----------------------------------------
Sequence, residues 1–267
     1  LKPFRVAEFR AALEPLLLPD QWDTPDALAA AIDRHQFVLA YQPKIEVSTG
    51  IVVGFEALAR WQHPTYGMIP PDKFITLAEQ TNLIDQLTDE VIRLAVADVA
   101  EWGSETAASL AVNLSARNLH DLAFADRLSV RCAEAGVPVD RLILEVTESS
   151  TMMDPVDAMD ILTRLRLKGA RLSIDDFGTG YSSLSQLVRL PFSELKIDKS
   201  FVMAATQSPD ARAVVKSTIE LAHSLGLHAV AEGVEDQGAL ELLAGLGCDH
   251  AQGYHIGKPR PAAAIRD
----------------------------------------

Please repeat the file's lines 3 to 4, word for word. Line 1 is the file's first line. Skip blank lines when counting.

    51  IVVGFEALAR WQHPTYGMIP PDKFITLAEQ TNLIDQLTDE VIRLAVADVA
   101  EWGSETAASL AVNLSARNLH DLAFADRLSV RCAEAGVPVD RLILEVTESS